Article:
VR Vanitha, the former India batter, remembers that Delhi game for its intensity and hype, but also speaks warmly of the atmosphere and camaraderie between the players.
"I remember being very bombastic in my belief that this is just another game and how my mind has been trained to think that way," she says. "But that day, the moment I reached the stadium and took my earphones off, I was like 'whoa, what is happening here?' The hype, the energy, everything was so different. It hit you instantly."
The loss may have bitter to swallow for India, but two days later, both teams were special invitees for a charity event that ended with a fashion show where the players walked the ramp. The moment word spread that the Pakistan women's team would be in attendance, they were given front-row seats. It was so different to 2013, where they had to stay within the stadium's premises in Cuttack for security reasons during the 50-over World Cup.
"The next day at the breakfast table, we sat and ate together," Vanitha remembers. "You wouldn't have believed they were the same side we lost to the previous day. We hardly spoke cricket. But as we parted, we wished each other for the rest of the campaign. I can't remember any instance of there being any animosity. Yes, there was friendly banter, but it was always cordial."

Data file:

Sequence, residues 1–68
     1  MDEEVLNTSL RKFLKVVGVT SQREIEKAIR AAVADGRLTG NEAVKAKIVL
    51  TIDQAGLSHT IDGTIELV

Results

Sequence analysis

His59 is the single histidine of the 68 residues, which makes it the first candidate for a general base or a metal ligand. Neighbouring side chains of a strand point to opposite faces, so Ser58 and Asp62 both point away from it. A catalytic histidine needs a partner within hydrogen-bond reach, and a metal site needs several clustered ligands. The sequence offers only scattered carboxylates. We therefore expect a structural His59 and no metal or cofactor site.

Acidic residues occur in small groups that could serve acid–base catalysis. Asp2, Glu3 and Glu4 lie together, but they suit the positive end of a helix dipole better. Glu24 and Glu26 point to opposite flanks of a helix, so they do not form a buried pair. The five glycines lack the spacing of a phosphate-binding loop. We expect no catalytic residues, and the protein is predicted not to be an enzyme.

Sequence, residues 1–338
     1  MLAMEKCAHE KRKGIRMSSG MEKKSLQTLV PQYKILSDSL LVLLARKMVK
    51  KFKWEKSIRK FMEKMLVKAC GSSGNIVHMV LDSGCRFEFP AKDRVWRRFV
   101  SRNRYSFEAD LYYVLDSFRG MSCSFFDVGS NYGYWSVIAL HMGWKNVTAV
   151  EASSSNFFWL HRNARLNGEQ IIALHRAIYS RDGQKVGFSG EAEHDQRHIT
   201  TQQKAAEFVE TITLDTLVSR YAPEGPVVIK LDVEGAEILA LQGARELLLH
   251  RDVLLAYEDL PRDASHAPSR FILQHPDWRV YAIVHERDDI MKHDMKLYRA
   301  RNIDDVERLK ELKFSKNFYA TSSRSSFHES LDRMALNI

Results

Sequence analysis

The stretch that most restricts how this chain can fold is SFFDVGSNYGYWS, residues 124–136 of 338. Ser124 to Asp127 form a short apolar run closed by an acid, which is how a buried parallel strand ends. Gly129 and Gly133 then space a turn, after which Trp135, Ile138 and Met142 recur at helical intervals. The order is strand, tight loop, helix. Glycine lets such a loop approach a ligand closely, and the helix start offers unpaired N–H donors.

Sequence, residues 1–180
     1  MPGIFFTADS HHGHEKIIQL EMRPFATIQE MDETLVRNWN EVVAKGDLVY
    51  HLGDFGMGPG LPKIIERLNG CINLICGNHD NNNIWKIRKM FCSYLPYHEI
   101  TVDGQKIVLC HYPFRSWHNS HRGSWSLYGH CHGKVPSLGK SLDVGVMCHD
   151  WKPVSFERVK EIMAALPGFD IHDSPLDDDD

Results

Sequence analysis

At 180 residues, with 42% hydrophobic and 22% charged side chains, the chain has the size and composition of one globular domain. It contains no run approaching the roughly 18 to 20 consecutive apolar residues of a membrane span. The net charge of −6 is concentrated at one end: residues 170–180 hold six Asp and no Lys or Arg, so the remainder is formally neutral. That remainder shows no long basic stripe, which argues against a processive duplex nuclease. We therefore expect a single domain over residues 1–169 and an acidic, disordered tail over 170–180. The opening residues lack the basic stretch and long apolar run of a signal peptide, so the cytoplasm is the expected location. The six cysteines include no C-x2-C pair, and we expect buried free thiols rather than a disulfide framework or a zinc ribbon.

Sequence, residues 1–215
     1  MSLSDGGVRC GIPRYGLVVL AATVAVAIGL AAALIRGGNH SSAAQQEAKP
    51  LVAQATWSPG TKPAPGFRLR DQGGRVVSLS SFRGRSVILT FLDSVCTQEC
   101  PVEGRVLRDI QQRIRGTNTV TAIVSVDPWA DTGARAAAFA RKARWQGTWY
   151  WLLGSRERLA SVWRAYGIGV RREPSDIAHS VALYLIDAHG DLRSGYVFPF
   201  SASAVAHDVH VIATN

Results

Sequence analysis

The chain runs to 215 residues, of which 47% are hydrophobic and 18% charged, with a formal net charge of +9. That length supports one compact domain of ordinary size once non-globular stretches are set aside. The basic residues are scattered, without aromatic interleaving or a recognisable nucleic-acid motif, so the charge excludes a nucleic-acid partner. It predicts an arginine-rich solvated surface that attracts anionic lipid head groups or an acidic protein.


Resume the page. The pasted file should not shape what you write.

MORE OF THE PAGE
At Derby during the 2017 World Cup, fast bowler Kainat Imtiaz sat motionless, soaking in every bit of advice she got from her idol Jhulan Goswami. In 2006, Imtiaz was a ball-girl during the Asia Cup in Karachi, where she watched Goswami bowl and became inspired to become a fast bowler.
"I can say I have been able to motivate one girl in this world to play cricket, that too from Pakistan - that was a big thing for me," Goswami said afterwards.
When Harmanpreet Kaur left the 2019 edition of the Women's BBL, her replacement Dar, who became the first Pakistan player to feature in the tournament, didn't waste time seeking valuable suggestions and tips from her Punjabi friend "on the other side of the border".
Yet for all the friendly interactions off the field, the players are fierce rivals on it. You just needed to see Dar's reaction upon getting Harmanpreet's wicket at the World Cup earlier this year to understand it.
This is, in essence, is how the biggest rivalry in cricket plays out between the women's teams. The players are aware of the geopolitics of the region, which evokes jingoism on either side from time to time, but are determined not to let it bother them. And while India and Pakistan may not play each other in bilateral series, every occasion that pits them against each other only adds a new layer of warmth and camaraderie off the field, even as the on-field intensity simmers.
Sunday will bring another chapter of this fierce yet friendly rivalry. The significance of the contest is unlikely to be lost on either side. A win could be the springboard to pitch for a historic medal, a loss could well mean an early exit from the Commonwealth Games.

Shashank Kishore is a senior sub-editor at ESPNcricinfo